It’s been three full months since Sony announced — but did not unveil — the Playstation 4 videogame console. And with Microsoft about to announce its follow-up to the Xbox 360 tomorrow, Sony must have figured today was as good a day as any to finally show a glimpse of the PS4.
There’s not much to say about the PS4 teaser, which you can see above, other than that it confirms that it’s black and is not shaped like a giraffe.
But there is plenty of speculation about the new Xbox, which has a code name of Durango, but almost certainly will be called something else when it’s finally announced tomorrow at 1 p.m. ET.
Of course, it will be faster and have better graphics capabilities than the Xbox 360, which came out in 2005. And the user interface will likely retain the tile-centric look that Microsoft seems so committed to in its phones, tablets, and Windows OS, even while many consumers groan about it. Luckily, we don’t pick gaming consoles based solely on their home screens.
The new Xbox is expected to be equipped with the Kinect 2, a more accurate version of the motion/sound-detecting system released three years ago. While the first Kinect has spawned a number of motion-related hits, mostly dancing games, Kinect technology either failed to make its way into many standard games or often felt shoehorned in, as the developers knew that not every Xbox owner had a Kinect.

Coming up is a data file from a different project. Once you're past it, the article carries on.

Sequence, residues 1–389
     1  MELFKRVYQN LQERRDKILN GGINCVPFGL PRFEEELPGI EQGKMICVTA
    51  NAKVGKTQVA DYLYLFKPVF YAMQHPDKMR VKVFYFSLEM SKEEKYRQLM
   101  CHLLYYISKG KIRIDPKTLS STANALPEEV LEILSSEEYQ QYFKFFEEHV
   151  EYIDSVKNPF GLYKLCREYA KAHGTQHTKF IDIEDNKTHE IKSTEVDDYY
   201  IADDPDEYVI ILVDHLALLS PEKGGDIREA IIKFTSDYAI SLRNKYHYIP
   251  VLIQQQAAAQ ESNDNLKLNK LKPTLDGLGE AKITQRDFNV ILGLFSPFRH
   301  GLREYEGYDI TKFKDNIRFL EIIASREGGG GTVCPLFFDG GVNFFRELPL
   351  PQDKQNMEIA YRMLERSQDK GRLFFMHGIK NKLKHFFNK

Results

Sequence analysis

The newer sensor will likely be standard on the new console, giving game developers more reason to integrate its various functions into their titles. Kinect technology is expected to be a more accurate version of the Kinect motion-sensing system that Microsoft launched in 2010. That system enabled players to magically control their games with gestures, rather than controllers, using body movements.
Microsoft has repeatedly stated that it views the Xbox as much more than a gaming console. The current generation already features the ability to play DVDs, purchase, download and stream videos, and watch third-party services like HBO Go, Netflix, MLB.tv and others. It’s expected that the new console will offer even more ways to access online entertainment content.
A leaked Microsoft memo seems to indicate that the company will not go with an always-connected requirement, that would have made it impossible to use the console without being connected to the Internet. Gaming giant — and reigning Worst Company In America — EA took a lot of heat this spring when its latest SimCity game required users to always be online in order to play.
There are, however, still rumors floating about that Microsoft will make it difficult, if not impossible, to play previously owned games on the new console. EA recently announced it was ending its Online Pass program, which required buyers of used games to pay extra to access online content, but some believe this might just be a precursor to Microsoft and Sony crippling used games at the hardware level.
Tomorrow’s announcement will probably be centered on the tech side of things, with many important bits of consumer-related info — pricing, availability, release-date games — being detailed at a June 10 Microsoft event during the E3 trade show.